Biologics and Small Molecules in the Treatment of COVID-19

June 2020 | Volume 19 | Issue 6 | Features | 673 | Copyright © June 2020

Published online May 20, 2020

Dedee F. Murrell MD,a Lidia Rudnicka MD,b Swathi Shivakumar MBBS MD,c Martin Kassir MD,d Mohammad Jafferany MD,e Hassan Galadari MD,f Torello Lotti MD,g Roxanna Sadoughifar MD,h Zuzanna Sitkowska MS,i Mohamad Goldust MDj

aDepartment of Dermatology, St George Hospital, Faculty of Medicine, University of New South Wales, Sydney, Australia bDepartment of Dermatology, Medical University of Warsaw, Warsaw, Poland cCosmetiq Clinic, Pettah-Chacka Road, Trivandrum, Kerala, India dFounding director, Worldwide laser institute, Dallas, TX eCentral Michigan University, Saginaw, MI fCollege of Medicine and Health Sciences, United Arab Emirates University, Al Ain, United Arab Emirates gUniversity of Studies Guglielmo Marconi, Rome, Italy hUniversity of Rome G. Marconi, Rome, Italy; Bidarskincenter Tehran, Iran iDepartment of Dermatology, Medical University of Warsaw, Warsaw, Poland jUniversity of Rome G. Marconi, Rome, Italy; Department of Dermatology, University Hospital Basel, Basel, Switzerland



The novel corona virus disease (COVID-19) is caused by a virus belonging to the betacorona virus family.1 The highly infectious nature of the disease, ability to spread through asymptomatic carriers, as well as the lack of a vaccine, have led to its uncontrolled spread worldwide since its inception in Wuhan, China in December 2019. The current reported number of cases is 6,13,882 worldwide with a death toll of 28,231 as of March 28, 2020. Hence, our immediate urgent challenge is to find effective drugs for the management of this disease.1-4

The National Health Commission of China issued pharmaceutical guidelines for the management of COVID-19, which has since undergone 5 rounds of modification. Currently, anti-viral drugs including protease inhibitors and nucleoside reverse transcriptase inhibitors, Interferon (IFN)-alfa, chloroquine, and arbidol are being used for a duration of 10 days. Newer drugs including Favirapir and Remdisavir have shown good results.5

The pathogenesis of COVID-19 involves binding to its receptor, ACE2 (angiotensin converting enzyme-2) protein, and using the cellular protease TMPRSS2 to enter target cells.6 Therefore, a TMPRSS2 inhibitor would block entry of the virus and thus constitute a valuable treatment option. Imatinib, a BCR-ABL kinase inhibitor, inhibits the fusion of virions with the endosomal membrane.7 Patients taking drugs that upregulate ACE2 receptors (including ACE inhibitors and ARB blockers) should have these ceased or other drug classes substituted. As these ACE2 receptors are expressed not only in the alveolar tissue of the lungs but also the eyes, oral mucosa, and intestine, and endothelial cells in blood vessels, contamination of broken skin such as atopic dermatitis, blistering diseases, and psoriasis, if allowed to relapse or be unprotected, could be dangerous.8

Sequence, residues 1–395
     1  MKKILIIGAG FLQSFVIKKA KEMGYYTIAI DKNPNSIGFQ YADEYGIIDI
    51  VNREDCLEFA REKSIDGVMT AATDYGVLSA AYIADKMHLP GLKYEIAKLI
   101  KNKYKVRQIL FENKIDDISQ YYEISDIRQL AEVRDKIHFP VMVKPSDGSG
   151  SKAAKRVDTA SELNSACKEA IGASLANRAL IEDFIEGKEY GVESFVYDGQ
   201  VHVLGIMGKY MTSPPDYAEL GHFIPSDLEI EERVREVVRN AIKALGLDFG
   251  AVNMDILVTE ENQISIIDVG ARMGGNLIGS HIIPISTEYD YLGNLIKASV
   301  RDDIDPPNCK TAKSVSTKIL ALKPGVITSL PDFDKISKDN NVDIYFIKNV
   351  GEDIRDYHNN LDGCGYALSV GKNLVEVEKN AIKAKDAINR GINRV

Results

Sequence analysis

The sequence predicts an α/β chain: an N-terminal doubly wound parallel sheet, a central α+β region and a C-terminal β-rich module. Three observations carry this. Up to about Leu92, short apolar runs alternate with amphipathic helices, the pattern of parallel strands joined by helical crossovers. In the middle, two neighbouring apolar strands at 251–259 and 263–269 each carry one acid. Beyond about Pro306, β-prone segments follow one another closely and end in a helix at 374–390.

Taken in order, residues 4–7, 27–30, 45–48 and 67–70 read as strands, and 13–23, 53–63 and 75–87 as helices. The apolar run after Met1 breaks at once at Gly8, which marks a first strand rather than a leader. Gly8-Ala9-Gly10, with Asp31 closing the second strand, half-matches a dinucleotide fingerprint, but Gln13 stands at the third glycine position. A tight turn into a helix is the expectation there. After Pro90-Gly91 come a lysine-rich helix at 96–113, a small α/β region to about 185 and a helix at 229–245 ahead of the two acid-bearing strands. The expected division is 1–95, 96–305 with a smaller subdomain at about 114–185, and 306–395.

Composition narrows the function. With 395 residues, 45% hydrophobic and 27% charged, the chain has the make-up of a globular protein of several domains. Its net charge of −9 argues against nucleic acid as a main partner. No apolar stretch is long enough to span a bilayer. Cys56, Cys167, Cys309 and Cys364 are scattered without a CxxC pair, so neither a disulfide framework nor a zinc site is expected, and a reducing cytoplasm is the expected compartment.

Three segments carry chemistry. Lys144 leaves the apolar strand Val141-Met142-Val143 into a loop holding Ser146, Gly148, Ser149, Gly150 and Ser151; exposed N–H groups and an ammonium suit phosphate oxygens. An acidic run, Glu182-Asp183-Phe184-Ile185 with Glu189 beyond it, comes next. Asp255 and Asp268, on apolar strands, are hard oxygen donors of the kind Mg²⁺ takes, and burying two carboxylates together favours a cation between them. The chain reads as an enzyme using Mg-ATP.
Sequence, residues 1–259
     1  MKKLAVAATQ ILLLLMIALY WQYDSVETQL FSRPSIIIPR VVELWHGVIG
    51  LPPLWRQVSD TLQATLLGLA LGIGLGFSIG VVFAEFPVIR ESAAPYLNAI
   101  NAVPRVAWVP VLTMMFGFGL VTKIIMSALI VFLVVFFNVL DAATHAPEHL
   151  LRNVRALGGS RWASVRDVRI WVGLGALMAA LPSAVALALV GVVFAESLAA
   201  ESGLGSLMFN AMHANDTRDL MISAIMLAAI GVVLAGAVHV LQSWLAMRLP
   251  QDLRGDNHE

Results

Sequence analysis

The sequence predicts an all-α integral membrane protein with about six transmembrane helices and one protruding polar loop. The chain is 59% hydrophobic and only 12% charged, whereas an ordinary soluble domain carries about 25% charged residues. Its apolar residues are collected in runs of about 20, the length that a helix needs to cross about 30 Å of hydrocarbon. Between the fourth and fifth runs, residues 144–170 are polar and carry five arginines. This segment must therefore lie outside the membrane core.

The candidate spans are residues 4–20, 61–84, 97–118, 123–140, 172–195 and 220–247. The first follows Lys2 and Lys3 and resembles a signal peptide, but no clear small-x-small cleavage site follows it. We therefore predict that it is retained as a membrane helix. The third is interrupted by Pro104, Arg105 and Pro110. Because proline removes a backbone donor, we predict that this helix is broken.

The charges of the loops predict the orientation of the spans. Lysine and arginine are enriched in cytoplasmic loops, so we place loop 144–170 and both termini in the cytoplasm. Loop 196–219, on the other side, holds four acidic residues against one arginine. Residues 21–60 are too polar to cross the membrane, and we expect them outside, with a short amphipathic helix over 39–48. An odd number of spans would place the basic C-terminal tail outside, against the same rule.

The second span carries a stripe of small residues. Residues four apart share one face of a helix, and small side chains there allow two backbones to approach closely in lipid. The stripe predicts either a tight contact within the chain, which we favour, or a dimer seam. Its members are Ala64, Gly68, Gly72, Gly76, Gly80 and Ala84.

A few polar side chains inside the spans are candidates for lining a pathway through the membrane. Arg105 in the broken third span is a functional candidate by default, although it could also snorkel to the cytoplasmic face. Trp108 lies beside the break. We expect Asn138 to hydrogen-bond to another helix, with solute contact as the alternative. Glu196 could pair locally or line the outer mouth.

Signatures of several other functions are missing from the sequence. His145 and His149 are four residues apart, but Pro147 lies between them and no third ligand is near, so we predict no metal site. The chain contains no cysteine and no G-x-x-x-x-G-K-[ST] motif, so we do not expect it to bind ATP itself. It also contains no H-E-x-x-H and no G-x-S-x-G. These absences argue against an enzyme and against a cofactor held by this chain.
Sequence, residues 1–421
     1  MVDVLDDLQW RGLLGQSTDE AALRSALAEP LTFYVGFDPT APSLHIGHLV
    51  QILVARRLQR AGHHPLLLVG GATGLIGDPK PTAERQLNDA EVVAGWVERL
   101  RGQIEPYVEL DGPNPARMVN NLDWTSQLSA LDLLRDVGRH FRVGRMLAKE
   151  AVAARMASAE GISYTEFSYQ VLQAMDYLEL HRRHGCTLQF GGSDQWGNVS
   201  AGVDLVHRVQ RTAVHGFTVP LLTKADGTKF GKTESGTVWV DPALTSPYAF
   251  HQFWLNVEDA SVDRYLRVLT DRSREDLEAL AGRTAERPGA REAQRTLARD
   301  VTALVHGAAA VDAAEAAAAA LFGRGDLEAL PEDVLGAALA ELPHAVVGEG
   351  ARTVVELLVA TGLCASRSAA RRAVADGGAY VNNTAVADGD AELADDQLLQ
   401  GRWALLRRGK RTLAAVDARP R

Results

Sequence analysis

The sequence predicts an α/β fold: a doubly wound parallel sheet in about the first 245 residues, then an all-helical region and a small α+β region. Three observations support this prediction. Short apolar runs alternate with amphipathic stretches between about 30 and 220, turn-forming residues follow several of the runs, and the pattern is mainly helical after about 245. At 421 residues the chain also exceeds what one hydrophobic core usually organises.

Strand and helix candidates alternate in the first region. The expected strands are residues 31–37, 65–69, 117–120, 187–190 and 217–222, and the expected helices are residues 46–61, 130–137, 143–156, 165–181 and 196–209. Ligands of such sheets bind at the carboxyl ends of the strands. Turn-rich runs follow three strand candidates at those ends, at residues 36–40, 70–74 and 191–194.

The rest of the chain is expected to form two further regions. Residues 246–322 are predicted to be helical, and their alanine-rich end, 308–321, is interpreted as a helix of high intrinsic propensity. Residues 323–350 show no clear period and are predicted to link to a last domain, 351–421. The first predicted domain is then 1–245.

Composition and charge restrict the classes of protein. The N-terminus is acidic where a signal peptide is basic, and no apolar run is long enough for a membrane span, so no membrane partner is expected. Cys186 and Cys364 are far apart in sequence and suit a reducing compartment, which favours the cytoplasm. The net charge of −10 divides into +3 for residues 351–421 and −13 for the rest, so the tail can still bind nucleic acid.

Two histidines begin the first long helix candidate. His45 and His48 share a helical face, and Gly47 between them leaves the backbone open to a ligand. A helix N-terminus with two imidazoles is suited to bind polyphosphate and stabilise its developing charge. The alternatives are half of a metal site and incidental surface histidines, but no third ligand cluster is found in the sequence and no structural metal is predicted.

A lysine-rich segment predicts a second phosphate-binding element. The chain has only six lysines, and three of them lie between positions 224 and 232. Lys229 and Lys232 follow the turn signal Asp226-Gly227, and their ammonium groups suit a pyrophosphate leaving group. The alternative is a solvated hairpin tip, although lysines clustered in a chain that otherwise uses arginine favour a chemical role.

Given the routes of transmission of this coronavirus, it is imperative that health care workers are provided with adequate personal protective clothing – N95 masks (which can be re-sterilized using a protocol recently developed at Duke University if in short supply, by research labs),9 goggles without ventilation, and complete gowning; those in lower risk areas of hospitals need patients wearing masks and health care workers at the least in N95 masks and goggles because humans can be asymptomatic for at least 5 days while spreading the virus and because it persists in the air and ventilation system on droplets and surfaces and gloves if sampling broken skin and mucosae.10

Cytokine involvement in the pathogenesis of COVID-19 infection is diverse. In particular, IFN-1 production is dysregulated. cGAS, ALK, and STING cytokines are suggested as potential therapeutic targets to prevent the cytokine storm. Cytokine directed antagonists, such as adalimumab (TNF-α) and CMAB806 (IL-6) are currently under clinical trials against COVID-19.11,12 Sorafenib is a potent inhibitor of the STING pathway, and hence a potential candidate in trials.13 Anaplastic lymphoma kinase (ALK) inhibitors were reported to be effective STING antagonists both in vitro and in vivo. Thus, ALK-targeted drugs have great potential in treating moderate to severe lung inflammation in COVID-19.14 Suramin, an effective cGAS antagonist acts as an entry inhibitor for different type of viruses.15 Clinical trial of Suramin for COVID-19 is already underway.16

In another study, clinical data of COVID-19 positive patients showed a rise in IL-6, which reduced with treatment. Hence, it is hypothesized that antibodies targeting IL-6 or IL-6R may be a novel treatment option, especially in those with severe symptoms.17 The humanized anti-human IL-6 receptor monoclonal antibody, tocilizumab, can specifically bind sIL-6R and mIL-6R